MELBOURNE (Reuters) - Roger Federer gave his all, but for once it was not enough.
When his back was to the wall, as it was for most of an intense and at times feisty semi-final at the Australian Open, the 17-times grand slam champion went for broke and occasionally pulled it off.
But in the end, the six years he was giving to Andy Murray weighed heavy on his legs and he was unable to sustain his aggression, going down 6-4 6-7 6-3 6-7 6-2 after exactly four hours.
”Andy was just a bit better today,“ Federer told reporters. ”I think overall he created more chances than I did.
“I struggled to get into his service games time and again the way I usually do and then in the fifth set, he did well and was more aggressive.”
It is now three years since Federer last won a grand slam title on a hard court and what may concern him most of all is that he was outplayed in every department.
Against the most attacking player in the men’s game, U.S. Open champion Murray hit more aces, more winners, fewer unforced errors and broke serve six times to the Swiss’s two.
That he managed to stretch the match to five sets, especially having gone the distance in the previous round, was testament to his mental strength and sheer desire to win.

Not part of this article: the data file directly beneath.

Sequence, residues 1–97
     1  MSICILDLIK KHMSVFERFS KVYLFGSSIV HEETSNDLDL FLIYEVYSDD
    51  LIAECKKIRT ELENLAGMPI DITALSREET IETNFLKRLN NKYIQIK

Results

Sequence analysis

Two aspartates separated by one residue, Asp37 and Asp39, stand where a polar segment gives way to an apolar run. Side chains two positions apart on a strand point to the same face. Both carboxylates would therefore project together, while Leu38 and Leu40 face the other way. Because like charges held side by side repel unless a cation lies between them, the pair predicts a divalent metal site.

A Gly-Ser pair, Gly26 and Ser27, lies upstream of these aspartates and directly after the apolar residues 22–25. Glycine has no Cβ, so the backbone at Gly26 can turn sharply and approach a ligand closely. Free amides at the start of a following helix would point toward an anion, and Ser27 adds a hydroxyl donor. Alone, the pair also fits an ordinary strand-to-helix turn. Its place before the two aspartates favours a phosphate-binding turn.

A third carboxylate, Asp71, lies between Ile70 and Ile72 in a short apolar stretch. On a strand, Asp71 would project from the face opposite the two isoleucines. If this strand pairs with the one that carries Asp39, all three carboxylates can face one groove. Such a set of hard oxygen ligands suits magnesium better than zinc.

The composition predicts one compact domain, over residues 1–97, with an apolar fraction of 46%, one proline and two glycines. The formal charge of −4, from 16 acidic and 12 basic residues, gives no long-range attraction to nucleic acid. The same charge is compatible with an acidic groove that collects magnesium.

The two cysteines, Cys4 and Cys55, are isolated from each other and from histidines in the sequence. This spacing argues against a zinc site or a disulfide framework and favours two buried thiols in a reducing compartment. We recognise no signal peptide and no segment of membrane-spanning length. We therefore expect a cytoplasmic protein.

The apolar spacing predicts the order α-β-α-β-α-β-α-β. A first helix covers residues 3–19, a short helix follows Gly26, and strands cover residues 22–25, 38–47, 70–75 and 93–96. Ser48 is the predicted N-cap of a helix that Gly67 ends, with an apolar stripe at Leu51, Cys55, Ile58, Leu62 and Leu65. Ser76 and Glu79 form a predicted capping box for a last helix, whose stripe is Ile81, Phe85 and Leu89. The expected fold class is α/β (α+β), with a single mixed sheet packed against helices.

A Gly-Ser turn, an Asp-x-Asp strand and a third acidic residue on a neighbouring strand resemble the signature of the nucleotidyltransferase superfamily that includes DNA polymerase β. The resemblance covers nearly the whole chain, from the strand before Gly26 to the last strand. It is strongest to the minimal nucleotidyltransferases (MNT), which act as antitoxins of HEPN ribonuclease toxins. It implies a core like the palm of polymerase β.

But in the final set, where once he might have run through a mentally-scarred opponent, he was broken early, ran out of steam and in the end, was well beaten.
“I was down in the score, basically from the start,” he said.
”Definitely it (felt) more like a chase. I was able to level it a couple of times.
“I think it was a tough match. I think I had my chances a little bit. But Andy was a bit better than I was tonight.”
At 31, the simple truth is that on hard courts, especially in the cool conditions he faced on Friday, Federer is no longer able to hit through his opponents as easily as he once could.
Though he won plenty of trades from the baseline, he could not sustain his moments of brilliance for long enough to strike the fatal blow.
When he attacked the Murray second serve, he had success; when he went back into his shell, chipped back and let the Scot dictate the rallies, he struggled.
Federer had success serving out wide to the Murray forehand on the deuce court, but too often allowed himself to get sucked into backhand-to-backhand rallies that played to the third seed’s strengths.
Having gone five sets with Jo-Wilfried Tsonga in the previous round, Federer said he was feeling the after-effects a little but refused to use it as an excuse.
“Obviously I wish I could have come in like Andy (having not lost a set),” he said. “(But) then again, he beat me fair and square tonight. No regrets from me.”
Editing by Toby Davis